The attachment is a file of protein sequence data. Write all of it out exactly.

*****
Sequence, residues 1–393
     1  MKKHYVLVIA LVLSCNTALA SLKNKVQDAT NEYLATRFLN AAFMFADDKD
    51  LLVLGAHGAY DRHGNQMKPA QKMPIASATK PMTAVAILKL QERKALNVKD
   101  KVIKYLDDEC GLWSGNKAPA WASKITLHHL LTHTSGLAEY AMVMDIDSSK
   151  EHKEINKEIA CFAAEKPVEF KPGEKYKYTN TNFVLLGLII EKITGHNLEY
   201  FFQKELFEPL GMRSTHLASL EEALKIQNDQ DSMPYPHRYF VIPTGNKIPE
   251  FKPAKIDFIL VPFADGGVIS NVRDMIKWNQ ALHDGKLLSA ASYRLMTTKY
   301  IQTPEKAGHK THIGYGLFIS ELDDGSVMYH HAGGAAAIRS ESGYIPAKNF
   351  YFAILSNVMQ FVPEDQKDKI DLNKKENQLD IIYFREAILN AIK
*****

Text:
Sequence, residues 1–393
     1  MKKHYVLVIA LVLSCNTALA SLKNKVQDAT NEYLATRFLN AAFMFADDKD
    51  LLVLGAHGAY DRHGNQMKPA QKMPIASATK PMTAVAILKL QERKALNVKD
   101  KVIKYLDDEC GLWSGNKAPA WASKITLHHL LTHTSGLAEY AMVMDIDSSK
   151  EHKEINKEIA CFAAEKPVEF KPGEKYKYTN TNFVLLGLII EKITGHNLEY
   201  FFQKELFEPL GMRSTHLASL EEALKIQNDQ DSMPYPHRYF VIPTGNKIPE
   251  FKPAKIDFIL VPFADGGVIS NVRDMIKWNQ ALHDGKLLSA ASYRLMTTKY
   301  IQTPEKAGHK THIGYGLFIS ELDDGSVMYH HAGGAAAIRS ESGYIPAKNF
   351  YFAILSNVMQ FVPEDQKDKI DLNKKENQLD IIYFREAILN AIK